Central Idaho anglers are enjoying a kokanee bonanza these days thanks to the inadvertent flushing of thousands of fish through Dworshak Dam into the North Fork of the Clearwater River below.
In response, the Idaho Department of Fish and Game immediately removed the bag and possession limits for kokanee in the North Fork Clearwater River and Clearwater River downstream of the North Fork in Clearwater County, effective through May 15.
The intent is to allow recreational fishers to salvage kokanee that are dead or dying as a result of going down through dam’s turbine units and regulating outlets that are now being used to spill water and help bring down the elevation of the reservoir.
Many of the kokanee, which are landlocked sockeye salmon, survived as well and are being taken by dip nets and rods and reels.
“One day we had about 130 live kokanee” in a salmon smolt trap downstream in the Clearwater River, said Joe DuPont, fish manager for the IDFG’s Clearwater Region. The trap was being used for research purposes to collect juvenile salmon that are migrating toward the Pacific Ocean.
DuPont said that, since the trap has a collection efficiency of only a few percent, a 130-kokanee total likely means that as many as 8,800 live kokanee passed downstream that day, which produced the peak collection of the past two weeks.
“The fish are getting flushed out of back eddies” and going downstream, DuPont said. And some might have got the notion, as kokanee occasionally do when given the opportunity, to head for the ocean like their sockeye kin. Kokanee generally spend their lifetime in freshwater.
Some of the washed out kokanee are 2-year-olds that would have headed up reservoir tributaries later this year to spawn and others were 1-year-olds.
While anglers can take home as many kokanee as they can carry, the fish may only be taken by rod and reel, dip net or by hand. A valid Idaho fishing license is required. It is Fish and Game’s intent to allow the public to harvest these fish using techniques that will not affect ongoing fisheries.
DuPont said that one surveyed angler took home 250 kokanee.
Kokanee, which are a popular target of anglers fishing at Dworshak Reservoir, tend to congregate near the dam during winter months. With mountain snowpacks quickly building in recent weeks the U.S. Army Corps of Engineers, which operates the dam must send enough water downstream to make room for spring runoff and make sure the project has the prescribed flood control capability. The higher the expected runoff volume, the lower the reservoir must be drawn to provide flood control space.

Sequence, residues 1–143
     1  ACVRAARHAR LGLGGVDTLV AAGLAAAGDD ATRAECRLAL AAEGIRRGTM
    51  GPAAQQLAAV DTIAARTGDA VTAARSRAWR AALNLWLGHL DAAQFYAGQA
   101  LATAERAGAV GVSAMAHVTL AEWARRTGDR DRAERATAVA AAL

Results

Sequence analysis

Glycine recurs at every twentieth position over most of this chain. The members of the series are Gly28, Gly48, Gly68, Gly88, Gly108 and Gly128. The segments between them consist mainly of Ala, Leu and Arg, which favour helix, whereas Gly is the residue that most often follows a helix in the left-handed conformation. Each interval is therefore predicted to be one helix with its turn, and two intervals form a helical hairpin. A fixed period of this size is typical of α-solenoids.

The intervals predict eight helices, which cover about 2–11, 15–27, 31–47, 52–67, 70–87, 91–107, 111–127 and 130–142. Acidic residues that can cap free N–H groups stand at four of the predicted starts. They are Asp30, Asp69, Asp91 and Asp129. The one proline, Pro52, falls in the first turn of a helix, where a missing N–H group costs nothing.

In this case, the Corps increased discharge to full powerhouse capacity, about 10,500 cubic feet per second on March 1 and on March 4 began spilling water as well, at first from 1.8 to 1.9 kcfs and then to 3.3 kcfs on March 10. In recent days the spill reached as high as 4.2 percent.
The goal is to drop the reservoir from 1,573 March 1 to 1,451.4 on April 15. That April 15 flood control target is just six feet higher than the maximum drawdown allowed.
“We’re drafting down to a much deeper elevation that we have recently,” the Corps’ Steve Hall said. That lowering elevation brings the kokanee, who like to huddle in the deep water close to the dam in winter, closer to the turbine outlets and regulating outlets.
Hall theorized that the sheer numbers of kokanee and their proximity to the outlets led to the “entrainment” of many of the fish.
DuPont says that entrainment is not unprecedented. In 2006 nearly the entire population of the reservoir was flushed downstream.
“Every year you’ll have kokanee entrained but not in these numbers,” DuPont said while adding that no one has an estimate yet of how many fish might have been flushed.
Both passage routes pose dangers for the kokanee.
“I really don’t know what route is the most difficult for fish,” Hall said. The ROs spill water down from about halfway down the 700-foot-high face of the dam. It sends the fish from pressurized reservoir atmosphere (many of the fish were likely under more than 100 feet of water) to a stream condition with only atmospheric pressure.
At this point, the number of kokanee being flushed is not expected to have a large influence on next year’s fishery. The IDFG estimated last year that the reservoir held one of the larger crops of kokanee in recent years, more than a million. DuPont said the IDFG figures it could have lost up to a third of the population downstream and still have a strong fishery this spring and summer.
The IDFG and Corps have for the past four years implemented a nutrient enhancement program that is intended to bolster the food supply for kokanee and other fish. It is in the coming years expected to bolster kokanee production in the reservoir by enabling more robust fish that produce more offspring.
For more information regarding the lifting of the kokanee bag and possession limits, contact IDFG’s Lewiston office, 208-799-5010.